This is one of the dilemmas that the new code offers more details on, not just to make clear what’s inappropriate or unethical, but also to protect those elements of the interactions with companies that are so essential, explained Claude. “The way that the government is headed is to reduce or eliminate any financial relationships that could be perceived as being a conflict of interest, and that was starting to have a rollover effect into these royalty arrangements and other intellectual property arrangements. The enhanced AdvaMed code now recognizes that medical device and diagnostics companies have a specific need to keep that flow of innovation coming in and to be able to award the practitioner for that innovation. By codifying this, it helps to make sure that these practices can endure in the future by helping people understand how to better support them and to avoid concerns of kickbacks.”
The trickiest part of how the code treats consulting arrangements comes out of the requirement that compensation for consulting be ruled by fair market value. The idea is to avoid abuses where a healthcare professional gets paid for advice that’s essentially meaningless as a way to pay off or entice the person to use a company’s products. Companies may struggle with the documentation requirements that will need to prove how an arrangement is fair market value, according to Claude. There are few benchmarks for valuing intellectual property or expertise, and explaining or making a case for fair market value in this area will be difficult, he noted.
Aside from innovation and new products, laboratorians also team up with companies on advocating proper reimbursement for new tests. Here, both sides have something at stake, and ideally, so do patients. The list of permissible activities includes: identifying the clinical value of medical technologies; conducting joint advocacy on coverage and reimbursement; assisting healthcare professionals with obtaining patient coverage decisions from payors; and providing information on economically efficient use of medical technologies. What’s not allowed is for a company to interfere with a healthcare professional’s decision making or to offer coverage and reimbursement help that eliminates overhead or expenses. In other words, a company cannot provide so much free help that it constitutes a service that might be an inducement for the healthcare professional to prefer that company’s products. Just how much collaboration or information a company can provide before it’s inappropriate isn’t spelled out in detail.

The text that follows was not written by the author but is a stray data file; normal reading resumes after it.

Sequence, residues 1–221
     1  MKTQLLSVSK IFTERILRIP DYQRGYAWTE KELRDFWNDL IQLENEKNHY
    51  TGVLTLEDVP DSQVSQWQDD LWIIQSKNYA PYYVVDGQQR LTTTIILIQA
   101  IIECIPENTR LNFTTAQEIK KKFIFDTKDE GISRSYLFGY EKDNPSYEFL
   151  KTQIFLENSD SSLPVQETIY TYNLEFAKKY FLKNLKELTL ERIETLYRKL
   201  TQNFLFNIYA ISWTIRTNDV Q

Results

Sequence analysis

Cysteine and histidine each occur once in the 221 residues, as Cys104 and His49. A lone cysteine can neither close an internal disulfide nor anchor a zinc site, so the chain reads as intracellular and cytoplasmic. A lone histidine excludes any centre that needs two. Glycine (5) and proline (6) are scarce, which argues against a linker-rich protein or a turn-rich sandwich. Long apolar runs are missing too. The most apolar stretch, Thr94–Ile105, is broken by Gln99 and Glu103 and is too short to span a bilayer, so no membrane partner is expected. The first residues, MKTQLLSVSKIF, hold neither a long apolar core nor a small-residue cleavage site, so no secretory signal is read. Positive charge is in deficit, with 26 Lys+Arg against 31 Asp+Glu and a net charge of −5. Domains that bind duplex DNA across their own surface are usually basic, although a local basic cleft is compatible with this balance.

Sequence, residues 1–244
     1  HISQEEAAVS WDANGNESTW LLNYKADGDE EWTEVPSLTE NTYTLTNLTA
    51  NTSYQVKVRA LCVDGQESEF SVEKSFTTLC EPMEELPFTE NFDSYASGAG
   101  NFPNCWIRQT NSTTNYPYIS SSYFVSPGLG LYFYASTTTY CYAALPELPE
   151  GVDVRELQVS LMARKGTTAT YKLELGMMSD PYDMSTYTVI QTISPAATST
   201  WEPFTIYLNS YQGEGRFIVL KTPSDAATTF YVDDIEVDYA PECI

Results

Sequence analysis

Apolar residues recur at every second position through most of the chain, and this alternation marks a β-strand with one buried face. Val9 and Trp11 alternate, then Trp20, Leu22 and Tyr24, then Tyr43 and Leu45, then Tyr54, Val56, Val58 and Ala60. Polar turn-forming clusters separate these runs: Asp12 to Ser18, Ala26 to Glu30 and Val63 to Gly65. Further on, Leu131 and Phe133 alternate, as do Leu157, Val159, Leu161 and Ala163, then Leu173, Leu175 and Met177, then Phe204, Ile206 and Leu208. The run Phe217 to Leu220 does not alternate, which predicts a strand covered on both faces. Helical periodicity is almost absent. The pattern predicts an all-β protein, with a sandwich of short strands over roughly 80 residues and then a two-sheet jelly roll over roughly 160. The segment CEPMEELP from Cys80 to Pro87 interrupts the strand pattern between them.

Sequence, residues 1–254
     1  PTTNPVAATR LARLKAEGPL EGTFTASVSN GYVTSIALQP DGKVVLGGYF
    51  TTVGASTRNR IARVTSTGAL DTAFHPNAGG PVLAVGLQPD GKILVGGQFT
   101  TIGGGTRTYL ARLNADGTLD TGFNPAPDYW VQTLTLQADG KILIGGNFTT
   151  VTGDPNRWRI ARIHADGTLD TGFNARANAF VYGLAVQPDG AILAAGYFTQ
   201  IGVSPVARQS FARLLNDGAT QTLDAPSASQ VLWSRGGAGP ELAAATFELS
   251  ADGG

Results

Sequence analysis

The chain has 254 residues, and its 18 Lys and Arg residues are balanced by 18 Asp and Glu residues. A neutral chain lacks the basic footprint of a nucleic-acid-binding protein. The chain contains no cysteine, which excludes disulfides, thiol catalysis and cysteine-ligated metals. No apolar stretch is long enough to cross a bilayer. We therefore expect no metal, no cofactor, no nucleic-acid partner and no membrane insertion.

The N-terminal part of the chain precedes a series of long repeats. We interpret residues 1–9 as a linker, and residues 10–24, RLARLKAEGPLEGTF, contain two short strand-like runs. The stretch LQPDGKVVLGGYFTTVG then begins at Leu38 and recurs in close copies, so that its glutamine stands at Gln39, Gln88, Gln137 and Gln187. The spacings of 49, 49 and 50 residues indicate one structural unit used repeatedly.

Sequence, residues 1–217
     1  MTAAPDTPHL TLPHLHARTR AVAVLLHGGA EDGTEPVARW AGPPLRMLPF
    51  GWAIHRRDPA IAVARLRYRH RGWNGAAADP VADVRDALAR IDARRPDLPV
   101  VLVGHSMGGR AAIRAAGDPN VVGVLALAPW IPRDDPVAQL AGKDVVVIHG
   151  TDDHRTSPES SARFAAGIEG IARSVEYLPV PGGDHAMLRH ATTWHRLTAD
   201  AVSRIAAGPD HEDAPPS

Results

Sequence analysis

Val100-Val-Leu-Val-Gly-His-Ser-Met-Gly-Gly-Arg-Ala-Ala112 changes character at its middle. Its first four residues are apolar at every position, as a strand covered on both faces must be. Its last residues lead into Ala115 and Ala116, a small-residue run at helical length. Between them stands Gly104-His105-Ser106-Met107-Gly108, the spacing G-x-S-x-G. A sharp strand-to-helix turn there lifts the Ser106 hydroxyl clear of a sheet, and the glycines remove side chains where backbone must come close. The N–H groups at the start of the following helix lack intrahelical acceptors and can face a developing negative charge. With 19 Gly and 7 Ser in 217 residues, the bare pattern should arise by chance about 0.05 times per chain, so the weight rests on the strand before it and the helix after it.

“Provision of coverage, reimbursement, and health economics information is an area that companies are going to have to decide for themselves what’s the most appropriate way to handle,” said Andrew Van Haute, AdvaMed’s associate general counsel. “I think the very clean way to say it is: on one side there is providing accurate, objective information on reimbursement for your own company’s product with the goal of making sure the best product and the best technologies are available to people that need them. On the other side of that is putting one of your employees in a physician’s office whose job is to handle all the reimbursement for your company’s product that your doctor uses. That’s obviously inappropriate. In between that is where companies are going to land.”
It’s important that AdvaMed defend this element of collaboration between companies, stressed Claude, as the lab community always faces an uphill battle to make sure that tests get paid for. “The fact that the code permits, or one might even say encourages, collaboration between manufacturers and the stakeholders to achieve payor decisions that enhance access to the test is something that is very helpful.”
Similarly, though recommendations such as the recent IOM report seem to imply that educational events for healthcare professionals should be as free as possible from industry money, others make the case that if done properly, industry money can be essential. The new AdvaMed code does allow support of third-party educational events sponsored by professional associations or other entities, just so long as bona fide educational content takes priority and the third-party organization independently controls content.
Friedman thinks that the device industry and labs are paying the price for abuses by physicians and the pharmaceutical industry. “I’ve been in this industry a long time, and I just don’t see unethical behavior. I think lab people are industrious, not flamboyant, not looking for corporate handouts. It’s the nature of the industry. They are not extremely wealthy people going around flaunting their wealth. People are very dedicated to doing good work in the lab and serving patients with quality results.”